A reconstructed peat hut, a so-called yurt, from the Laptev Sea region, a place with permafrost and a temperature of up to minus 50 degrees. The windows were made of pieces of ice and the inside temperature never rose above freezing. The museum guide standing in the door is Irene Spakauskiene, who was deported to the area with her family when she was a small girl.
TED SIBERIAN YURT. THE OPEN AIR MUSEUM OF LITHUANIA, RUMSISKES
J. Aisčio g. 2, Rumšiškės (10 km east of Kaunas).
May – September: Wednesday – Sunday: 10:00 – 18:00. The park is open until 20:00 all year around. Only the park is open on Mondays and Tuesday, not the interior exhibitions. October – April: Tuesday – Sunday: 10:00 – 18:00. Interior exhibitions can only be visited with a guide from the museum.
Guided tours are conducted in English, German, Polish and Russian. Guided tours must be booked in advance. Tel.: +370 346 47392. Possibilities for thematic excursions (including local food tasting), hobbies and educational programs.
Drawings by Gintautas Martynaitis, who was born in 1935. He was a self-taught artist who created impressive drawings from Siberia. His family was deported as slave labours in 1941. His father was sent to a hard labour camp, and his mother with two small boys to the island of Trofimovsk near the Laptev Sea north of the Polar Circle. Gintautas Martynaitis worked as an electrician in Yakutia region from 1956 on. His brother died in 1955. Together with his mother, he returned to Lithuania in 1959. He died in 1991.
The drawing shows the inside of a large barrack. The temperature was below zero inside the house, except near the oven made from an iron barrel. There was no electricity and no possibility of lighting the house in the evening. Many people died under these living conditions, strongly exacerbated by the hard work, the cold and the suffering from scurvy and typhus. ("Lapteviečiai" brotherhood, Lithuania).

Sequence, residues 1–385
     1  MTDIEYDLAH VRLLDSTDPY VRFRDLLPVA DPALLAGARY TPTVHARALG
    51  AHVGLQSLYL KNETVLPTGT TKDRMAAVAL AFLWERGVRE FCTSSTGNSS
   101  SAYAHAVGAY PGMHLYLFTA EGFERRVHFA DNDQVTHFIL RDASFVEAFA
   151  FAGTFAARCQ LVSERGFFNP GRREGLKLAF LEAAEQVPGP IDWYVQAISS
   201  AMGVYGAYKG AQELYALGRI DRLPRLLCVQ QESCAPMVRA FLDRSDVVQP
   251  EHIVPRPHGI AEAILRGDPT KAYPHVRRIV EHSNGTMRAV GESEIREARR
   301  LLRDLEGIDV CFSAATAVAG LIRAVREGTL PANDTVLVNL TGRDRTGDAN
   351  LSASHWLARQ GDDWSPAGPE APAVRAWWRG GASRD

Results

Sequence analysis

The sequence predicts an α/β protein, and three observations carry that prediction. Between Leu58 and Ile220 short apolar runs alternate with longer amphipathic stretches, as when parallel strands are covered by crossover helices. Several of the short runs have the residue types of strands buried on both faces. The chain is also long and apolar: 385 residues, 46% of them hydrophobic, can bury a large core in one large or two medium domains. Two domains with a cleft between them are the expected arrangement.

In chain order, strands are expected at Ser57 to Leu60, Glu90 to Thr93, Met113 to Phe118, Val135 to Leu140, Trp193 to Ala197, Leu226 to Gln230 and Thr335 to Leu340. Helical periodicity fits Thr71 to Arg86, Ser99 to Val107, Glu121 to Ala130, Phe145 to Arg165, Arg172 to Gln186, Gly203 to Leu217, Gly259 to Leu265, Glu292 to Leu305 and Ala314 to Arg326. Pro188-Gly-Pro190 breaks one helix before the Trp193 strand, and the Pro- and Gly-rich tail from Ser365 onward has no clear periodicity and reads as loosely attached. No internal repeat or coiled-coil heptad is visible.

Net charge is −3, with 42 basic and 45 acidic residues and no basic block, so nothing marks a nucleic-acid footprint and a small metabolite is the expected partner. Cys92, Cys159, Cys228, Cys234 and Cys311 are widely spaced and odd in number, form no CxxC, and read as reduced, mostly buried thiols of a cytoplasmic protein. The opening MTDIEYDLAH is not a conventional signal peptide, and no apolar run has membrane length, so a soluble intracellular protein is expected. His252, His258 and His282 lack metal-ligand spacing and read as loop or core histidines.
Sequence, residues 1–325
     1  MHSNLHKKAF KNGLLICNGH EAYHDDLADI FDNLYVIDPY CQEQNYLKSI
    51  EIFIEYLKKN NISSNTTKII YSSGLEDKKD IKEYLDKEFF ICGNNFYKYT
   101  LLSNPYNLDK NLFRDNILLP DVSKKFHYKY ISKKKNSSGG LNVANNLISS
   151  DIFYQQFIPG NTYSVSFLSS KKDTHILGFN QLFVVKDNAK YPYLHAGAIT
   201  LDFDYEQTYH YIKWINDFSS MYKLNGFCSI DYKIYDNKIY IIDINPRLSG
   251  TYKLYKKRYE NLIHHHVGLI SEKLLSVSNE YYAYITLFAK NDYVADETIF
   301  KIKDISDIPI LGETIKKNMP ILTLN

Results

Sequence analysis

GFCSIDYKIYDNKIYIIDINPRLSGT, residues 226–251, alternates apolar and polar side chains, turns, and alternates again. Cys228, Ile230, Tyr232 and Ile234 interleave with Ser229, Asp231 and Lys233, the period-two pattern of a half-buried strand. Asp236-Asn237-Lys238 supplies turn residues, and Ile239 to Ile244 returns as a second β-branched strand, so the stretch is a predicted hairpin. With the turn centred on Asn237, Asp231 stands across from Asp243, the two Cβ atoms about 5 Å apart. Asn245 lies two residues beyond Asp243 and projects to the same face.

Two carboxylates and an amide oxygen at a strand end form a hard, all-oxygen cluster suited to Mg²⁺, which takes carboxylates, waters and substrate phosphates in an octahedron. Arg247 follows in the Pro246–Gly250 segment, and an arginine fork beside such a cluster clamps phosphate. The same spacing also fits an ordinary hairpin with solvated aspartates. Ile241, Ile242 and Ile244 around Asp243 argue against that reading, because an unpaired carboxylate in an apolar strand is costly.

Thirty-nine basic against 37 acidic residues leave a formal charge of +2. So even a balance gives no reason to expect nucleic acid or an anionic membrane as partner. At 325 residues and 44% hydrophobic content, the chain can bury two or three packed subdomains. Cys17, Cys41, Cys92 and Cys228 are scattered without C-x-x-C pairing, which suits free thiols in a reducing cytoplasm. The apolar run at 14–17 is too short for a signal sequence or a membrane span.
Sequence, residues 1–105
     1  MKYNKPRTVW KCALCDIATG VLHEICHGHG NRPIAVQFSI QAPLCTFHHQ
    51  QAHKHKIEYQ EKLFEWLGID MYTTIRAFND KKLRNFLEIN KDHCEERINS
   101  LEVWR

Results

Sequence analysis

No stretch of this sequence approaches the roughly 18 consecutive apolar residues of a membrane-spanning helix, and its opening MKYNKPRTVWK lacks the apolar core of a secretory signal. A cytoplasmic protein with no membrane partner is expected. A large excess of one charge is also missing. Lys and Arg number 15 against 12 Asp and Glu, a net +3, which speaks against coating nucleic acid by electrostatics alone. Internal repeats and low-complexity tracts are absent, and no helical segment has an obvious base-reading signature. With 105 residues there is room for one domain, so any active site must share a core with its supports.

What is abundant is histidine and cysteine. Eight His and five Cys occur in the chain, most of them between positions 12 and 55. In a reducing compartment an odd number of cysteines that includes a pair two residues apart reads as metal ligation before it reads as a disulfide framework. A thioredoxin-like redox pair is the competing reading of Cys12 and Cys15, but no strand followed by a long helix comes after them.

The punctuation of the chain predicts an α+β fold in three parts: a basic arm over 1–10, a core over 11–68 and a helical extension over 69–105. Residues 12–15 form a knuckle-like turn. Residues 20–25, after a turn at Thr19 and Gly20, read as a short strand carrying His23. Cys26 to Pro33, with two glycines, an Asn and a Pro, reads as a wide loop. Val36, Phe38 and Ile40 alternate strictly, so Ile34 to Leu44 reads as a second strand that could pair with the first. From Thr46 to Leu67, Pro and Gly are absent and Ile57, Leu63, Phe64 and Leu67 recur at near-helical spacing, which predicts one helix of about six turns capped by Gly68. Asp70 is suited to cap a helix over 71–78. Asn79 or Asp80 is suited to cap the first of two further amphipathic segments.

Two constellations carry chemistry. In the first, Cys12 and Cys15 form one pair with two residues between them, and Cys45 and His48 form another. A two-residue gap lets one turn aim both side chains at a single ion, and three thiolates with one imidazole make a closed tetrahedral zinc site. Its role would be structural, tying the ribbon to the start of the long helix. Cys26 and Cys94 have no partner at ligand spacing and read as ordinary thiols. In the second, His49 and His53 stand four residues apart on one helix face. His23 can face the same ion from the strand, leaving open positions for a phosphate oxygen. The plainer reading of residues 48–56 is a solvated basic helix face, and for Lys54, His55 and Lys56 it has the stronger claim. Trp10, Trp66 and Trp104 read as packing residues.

One of the tasks in Trofimovsk was to drag logs ashore from the river, bind them together and drag them to the city where they were used for heating. It was extremely hard work in icy water and often snow storms. ("Lapteviečiai" brotherhood, Lithuania).
Cattle wagon used for deportation
Recent history is represented at the Open Air Museum by:
- A reconstructed peat hut, a yurt, built and used by deported Lithuanian people north of the Polar Circle.
- A cattle wagon used for deportation.
- A reconstructed partisan bunker (a guide is needed to visit the bunker. Call the museum administration in advance).
THE DEPORTATIONS TO SIBERIA “FOR THE REST OF YOUR LIFE”
In the summer of 1941, arrests and mass deportations took place in all Baltic countries. The deportations involved 18,000 Lithuanians. The reason for these deportations was simply to use the people as slave labour or, in the words of the official Communist documents to the deported people, to send them: “to remote regions of Siberia for the rest of your life”. The deportations were characterized by a separation of the men from the women and children. The men were sent to GULAG camps. Many people were sent to the Laptev Sea region, north of the Polar Circle with permanent frost. The stay was marked by cold, hunger, disease and death, which hit the old and the children first and foremost. In 1942-43, half of all deported Karelian Finns and a third of the Lithuanians on the island Trofimovsk died. After Stalin’s death, many of the survivors could return to Lithuania.